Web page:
Clear and present danger indeed
For those of you who are familiar with the woes Facebook is facing today, you’d agree with me when I say the Cambridge Analytica data scandal was probably the proverbial straw that broke the camel’s back. It’s widely regarded as a watershed moment in the public understanding of personal data and for many, it was most likely one of the first times that a tech corporation’s wrongdoings had been so clearly laid bare.
Author and scholar Shoshana Zuboff calls this harvesting of personal user data, for business and other ulterior motives, ‘Surveillance Capitalism’. Let’s understand how this works. Corporations provide free services to billions of people and in lieu of said offerings, monitor the behaviour of their users in astonishing detail – often without their explicit consent. While some of the data gathered is relevant for service improvement, the rest is classified as ‘proprietary behavioural surplus’. This data is then processed via ‘machine intelligence’, to predict user behaviour, which is then traded in, what Zuboff calls, the ‘behavioural futures markets’.
Now, for those of you thinking Facebook was the evil monger who started this, well, prepare to be surprised. The term for the practice might be recent, thanks to Zuboff, but the seeds of surveillance capitalism were sown way back in 2001, by none other than Google during the dotcom bust. Google’s investors were threatening to pull out, so in a bid to up the offerings, Google turned to previously discarded and ignored data logs and repurposed them as ‘behavioural surplus’. Instead of being used for product improvement, this behavioural data was directed toward an entirely new goal: predicting user behaviour. Since then, corporations have smartly cashed in on our increasing dependence on technology and the internet for even our most mundane daily activities while ensuring that their habit of storing consumer data seems harmless and inconspicuous.
So how deep into this abyss are we now? Unfortunately, pretty deep, because surveillance capitalism is no longer restricted to few individual companies or just to the technology/internet sector. It has spread across a wide range of products and services, encompassing virtually every economic sector, including insurance, retail, healthcare, finance, entertainment, education, transportation, and much more. It has given rise to whole new ecosystems of suppliers, producers, customers, market-makers, and market players. Nearly every ‘smart’ or ‘personalised’ product or service, every internet-enabled device, every ‘digital assistant’, is nothing but an enabler, a ‘supply-chain interface’ for the unhindered flow of behavioural data, all geared up to predict our futures in a surveillance economy, helping corporations rake up profits.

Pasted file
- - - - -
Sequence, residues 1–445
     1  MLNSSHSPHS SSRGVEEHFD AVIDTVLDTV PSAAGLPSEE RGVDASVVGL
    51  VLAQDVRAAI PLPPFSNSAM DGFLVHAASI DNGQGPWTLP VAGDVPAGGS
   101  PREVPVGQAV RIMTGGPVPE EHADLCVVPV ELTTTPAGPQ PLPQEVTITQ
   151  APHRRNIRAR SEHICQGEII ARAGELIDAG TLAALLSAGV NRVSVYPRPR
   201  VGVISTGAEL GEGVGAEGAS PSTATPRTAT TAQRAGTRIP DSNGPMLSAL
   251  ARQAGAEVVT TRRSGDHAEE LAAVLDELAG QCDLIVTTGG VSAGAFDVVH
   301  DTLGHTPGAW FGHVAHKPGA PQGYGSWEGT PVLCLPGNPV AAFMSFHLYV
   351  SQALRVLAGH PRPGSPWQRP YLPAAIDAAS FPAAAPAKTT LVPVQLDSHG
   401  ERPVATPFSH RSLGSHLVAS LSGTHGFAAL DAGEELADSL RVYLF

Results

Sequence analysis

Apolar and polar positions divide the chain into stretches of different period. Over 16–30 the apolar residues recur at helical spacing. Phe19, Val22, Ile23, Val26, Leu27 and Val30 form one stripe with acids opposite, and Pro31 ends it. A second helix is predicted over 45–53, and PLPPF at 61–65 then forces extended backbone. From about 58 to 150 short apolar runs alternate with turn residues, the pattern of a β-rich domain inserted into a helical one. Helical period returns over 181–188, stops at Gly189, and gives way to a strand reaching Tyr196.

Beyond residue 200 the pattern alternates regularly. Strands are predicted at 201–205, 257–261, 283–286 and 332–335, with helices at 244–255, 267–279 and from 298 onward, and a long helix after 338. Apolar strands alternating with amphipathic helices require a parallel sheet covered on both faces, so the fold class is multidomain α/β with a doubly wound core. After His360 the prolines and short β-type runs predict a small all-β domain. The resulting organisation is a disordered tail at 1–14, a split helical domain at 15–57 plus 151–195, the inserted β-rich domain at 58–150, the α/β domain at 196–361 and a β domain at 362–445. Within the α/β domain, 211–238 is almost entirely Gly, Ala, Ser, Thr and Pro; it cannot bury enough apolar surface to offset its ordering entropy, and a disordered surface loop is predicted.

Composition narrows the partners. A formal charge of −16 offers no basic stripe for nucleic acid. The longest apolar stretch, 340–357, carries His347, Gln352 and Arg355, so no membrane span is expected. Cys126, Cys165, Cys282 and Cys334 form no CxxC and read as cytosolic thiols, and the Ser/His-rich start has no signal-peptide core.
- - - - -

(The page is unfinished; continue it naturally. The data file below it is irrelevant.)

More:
It’s not surprising then, that with each passing day, we find it increasingly difficult to participate effectively in society without being a victim of this practice. For example, American non-profit organization ProPublica reported late last year that breathing machines purchased by people with sleep apnoea are secretly sending usage data to health insurers, where the information can be used to justify reduced insurance payments. The Google-incubated augmented reality game Pokémon Go is a brilliant example of covert surveillance. When Pokémon Go debuted in app stores in 2016, it was seen as a mostly harmless foray into the world of augmented reality but what it really did under the veneer of AR driven gamification, and community-building was to collect vast amounts of data from millions of people.
The rabbit hole just keeps going deeper, doesn’t it?
So, what are the far-reaching repercussions of surveillance capitalism? Well, the writing on the wall is clear for what is the end goal of this machinery. Surveillance capitalism seeks to make society a place to be modified and controlled, undermining individual self-determination, autonomy and decision rights. It is an eventual threat to democracy because the large scale “behavioural modification” it employs, completely erodes democracy from within since without autonomy in action and in thought, we have little capacity for the moral judgment and critical thinking necessary for a democratic society. We will believe we are making independent judgments, little realizing we have been ‘nudged‘to change our opinion of a politician or our breakfast cereal based on the data gathered about our preferences.
For a moment, think about what this could mean for future generations who would’ve grown up with these new forms of technology. They might just become incapable of having the ability to choose their behaviour and beliefs, becoming unknowing pawns at the hands of corporations and governments, who feed them with selective information. Information that has been gathered by watching them is already biased for action. It is high time we understood the worth of the data we are so carelessly leaving behind all around us. It is imperative that we as consumers control exactly what we want to share, how much we want to share and understood what purpose that data will be used for.
Data has come to become a valuable transactional unit in this surveillance economy and it’s time we treated it just like money – sharing it prudently, cautiously and with a sharp eye on what the trade is worth to us.